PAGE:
Bob Dylan on Leonard Cohen: “His gift or genius is in his connection to the music of the spheres”

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His gift or genius is in his connection to the music of the spheres. In the song ‘Sisters of Mercy,’ for instance, the verses are four elemental lines which change and move at predictable intervals . . . but the tune is anything but predictable. The song just comes in and states a fact. And after that anything can happen and it does, and Leonard allows it to happen. His tone is far from condescending or mocking. He is a tough-minded lover who doesn’t recognize the brush-off. Leonard’s always above it all. ‘Sisters of Mercy’ is verse after verse of four distinctive lines, in perfect meter, with no chorus, quivering with drama. The first line begins in a minor key. The second line goes from minor to major and steps up, and changes melody and variation. The third line steps up even higher than that to a different degree, and then the fourth line comes back to the beginning. This is a deceptively unusual musical theme, with or without lyrics. But it’s so subtle a listener doesn’t realize he’s been taken on a musical journey and dropped off somewhere, with or without lyrics.quotedown2

Bob Dylan

Leonard Cohen Makes It Darker by David Remnick (New Yorker: October 17, 2016)

The Cohen-Dylan Interface

All posts about Leonard Cohen’s & Bob Dylan’s opinions of each other, their meetings, and comparisons by others can be found at

Credit Due Department: Photo by Alberto Cabello from Vitoria Gasteiz – Bob Dylan, CC BY 2.0, via Wikipedia

 

Videos: Bob Dylan Covers Leonard Cohen’s Hallelujah Twice – Montreal & Los Angeles 1988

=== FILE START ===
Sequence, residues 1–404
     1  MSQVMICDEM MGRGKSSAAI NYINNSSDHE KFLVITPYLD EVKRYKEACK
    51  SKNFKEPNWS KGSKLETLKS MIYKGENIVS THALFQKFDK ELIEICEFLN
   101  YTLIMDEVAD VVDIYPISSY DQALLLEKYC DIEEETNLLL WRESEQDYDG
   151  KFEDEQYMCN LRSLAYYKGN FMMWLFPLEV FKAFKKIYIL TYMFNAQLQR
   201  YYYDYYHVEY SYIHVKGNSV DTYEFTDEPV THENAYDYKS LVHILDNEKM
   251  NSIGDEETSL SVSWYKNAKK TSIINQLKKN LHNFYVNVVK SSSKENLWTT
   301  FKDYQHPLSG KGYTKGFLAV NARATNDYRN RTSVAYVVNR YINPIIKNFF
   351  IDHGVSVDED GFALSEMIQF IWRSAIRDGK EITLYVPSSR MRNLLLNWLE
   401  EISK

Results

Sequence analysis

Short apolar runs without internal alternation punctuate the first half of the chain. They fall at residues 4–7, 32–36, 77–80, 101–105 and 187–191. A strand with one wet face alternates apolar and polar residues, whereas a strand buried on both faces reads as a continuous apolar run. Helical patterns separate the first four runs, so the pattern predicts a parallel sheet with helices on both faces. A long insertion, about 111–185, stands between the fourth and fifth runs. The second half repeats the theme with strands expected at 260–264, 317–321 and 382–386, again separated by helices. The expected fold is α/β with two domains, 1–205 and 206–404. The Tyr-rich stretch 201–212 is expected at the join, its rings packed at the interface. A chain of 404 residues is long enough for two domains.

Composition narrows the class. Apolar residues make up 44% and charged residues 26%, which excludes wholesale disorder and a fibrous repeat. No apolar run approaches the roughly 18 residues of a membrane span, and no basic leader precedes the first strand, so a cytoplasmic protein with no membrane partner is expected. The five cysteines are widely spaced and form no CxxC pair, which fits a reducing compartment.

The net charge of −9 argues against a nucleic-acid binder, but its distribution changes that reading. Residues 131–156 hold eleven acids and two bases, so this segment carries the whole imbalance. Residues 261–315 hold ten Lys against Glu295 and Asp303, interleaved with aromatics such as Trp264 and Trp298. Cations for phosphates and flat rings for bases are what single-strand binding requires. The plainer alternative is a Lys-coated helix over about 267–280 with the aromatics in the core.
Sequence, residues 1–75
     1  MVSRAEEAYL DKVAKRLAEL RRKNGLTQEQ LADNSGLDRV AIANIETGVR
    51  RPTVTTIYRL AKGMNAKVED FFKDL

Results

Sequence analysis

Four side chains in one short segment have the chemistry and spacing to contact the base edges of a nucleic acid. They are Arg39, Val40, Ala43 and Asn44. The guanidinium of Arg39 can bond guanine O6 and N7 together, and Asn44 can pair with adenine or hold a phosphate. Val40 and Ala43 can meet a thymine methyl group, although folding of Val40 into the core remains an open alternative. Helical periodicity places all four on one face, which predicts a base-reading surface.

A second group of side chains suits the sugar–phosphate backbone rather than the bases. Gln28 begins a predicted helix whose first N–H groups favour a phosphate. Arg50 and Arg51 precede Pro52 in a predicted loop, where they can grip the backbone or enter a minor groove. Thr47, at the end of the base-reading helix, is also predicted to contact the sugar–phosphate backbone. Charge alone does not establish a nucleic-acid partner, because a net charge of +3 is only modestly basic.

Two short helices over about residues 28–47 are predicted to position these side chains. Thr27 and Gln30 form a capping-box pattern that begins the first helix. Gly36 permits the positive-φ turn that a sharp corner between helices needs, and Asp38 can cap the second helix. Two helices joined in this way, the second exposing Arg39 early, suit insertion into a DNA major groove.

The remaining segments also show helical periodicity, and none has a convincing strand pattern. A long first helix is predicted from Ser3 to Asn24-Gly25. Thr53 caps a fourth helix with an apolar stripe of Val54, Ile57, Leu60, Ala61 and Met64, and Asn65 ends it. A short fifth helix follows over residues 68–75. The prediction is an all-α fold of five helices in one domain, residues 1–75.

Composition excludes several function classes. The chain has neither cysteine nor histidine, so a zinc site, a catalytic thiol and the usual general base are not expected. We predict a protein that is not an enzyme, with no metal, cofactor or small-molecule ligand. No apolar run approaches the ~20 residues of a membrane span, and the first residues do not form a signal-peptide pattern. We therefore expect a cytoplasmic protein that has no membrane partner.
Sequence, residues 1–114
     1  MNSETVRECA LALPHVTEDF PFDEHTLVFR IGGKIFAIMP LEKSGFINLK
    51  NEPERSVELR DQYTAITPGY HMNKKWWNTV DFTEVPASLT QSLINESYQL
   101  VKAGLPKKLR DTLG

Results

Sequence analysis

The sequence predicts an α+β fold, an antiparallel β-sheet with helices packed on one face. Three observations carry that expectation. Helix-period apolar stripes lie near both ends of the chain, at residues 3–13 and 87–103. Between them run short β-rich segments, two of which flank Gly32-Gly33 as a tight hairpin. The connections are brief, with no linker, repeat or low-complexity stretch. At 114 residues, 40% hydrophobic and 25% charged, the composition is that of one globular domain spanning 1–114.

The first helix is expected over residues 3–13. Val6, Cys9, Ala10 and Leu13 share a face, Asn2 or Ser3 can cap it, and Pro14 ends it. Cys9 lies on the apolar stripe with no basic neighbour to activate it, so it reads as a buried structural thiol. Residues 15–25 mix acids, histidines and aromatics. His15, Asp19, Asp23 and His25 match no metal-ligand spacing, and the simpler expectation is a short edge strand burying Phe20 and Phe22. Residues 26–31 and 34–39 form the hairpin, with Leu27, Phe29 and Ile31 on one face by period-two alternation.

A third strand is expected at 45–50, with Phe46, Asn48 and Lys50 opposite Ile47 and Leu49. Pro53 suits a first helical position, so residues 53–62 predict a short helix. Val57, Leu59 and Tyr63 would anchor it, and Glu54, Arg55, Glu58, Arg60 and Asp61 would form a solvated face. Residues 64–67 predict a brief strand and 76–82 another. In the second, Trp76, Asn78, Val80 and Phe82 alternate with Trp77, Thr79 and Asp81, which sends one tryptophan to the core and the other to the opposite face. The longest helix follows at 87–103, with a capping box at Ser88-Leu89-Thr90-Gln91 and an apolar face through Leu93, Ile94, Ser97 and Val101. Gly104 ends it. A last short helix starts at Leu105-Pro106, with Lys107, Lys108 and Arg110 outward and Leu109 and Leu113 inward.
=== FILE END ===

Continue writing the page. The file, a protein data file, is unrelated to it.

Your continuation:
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Leonard Cohen Sings “Hallelujah” To Bob Dylan

It’s a rather joyous song . I like very much the last verse. I remember singin’ it to Bob Dylan after his last concert in Paris. The morning after, I was having coffee with him and we traded lyrics. Dylan especially liked this last verse “And even though it all went wrong, I stand before the Lord of song With nothing on my lips but Hallelujah

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Of course, no post about Leonard Cohen, Bob Dylan, and “Hallelujah” would be complete without the anecdote, a classic in Cohen’s repertoire, about the contrast in the time required by Dylan and Cohen to compose a song. The story appears in several Cohen interviews. The following iteration is from Leonard Cohen, Los Angeles 1992, a section of “Songwriters On Songwriting” by Paul Zollo:

That [“Hallelujah”] was a song that took me [Leonard Cohen] a long time to write. Dylan and I were having coffee the day after his concert in Paris a few years ago and he was doing that song in concert. And he asked me how long it took to write it. And I told him a couple of years. I lied actually. It was more than a couple of years.

Then I praise a song of his, “I and I,” and asked him how long it had taken and he said, “Fifteen minutes.” [Laughter]

Bob Dylan Sings “Hallelujah” To  Leonard Cohen’s Montreal

Dylan was one of the first artists to cover “Hallelujah,” performing it twice in his 1988 concert tour.. When Dylan’s Never Ending Tour came to Montreal in 1988, he performed “Hallelujah.” Dylan also sang it in Los Angeles on Aug 4, 1988.

Bob Dylan – Hallelujah
Montreal: July 8,  1988

Bob Dylan – Hallelujah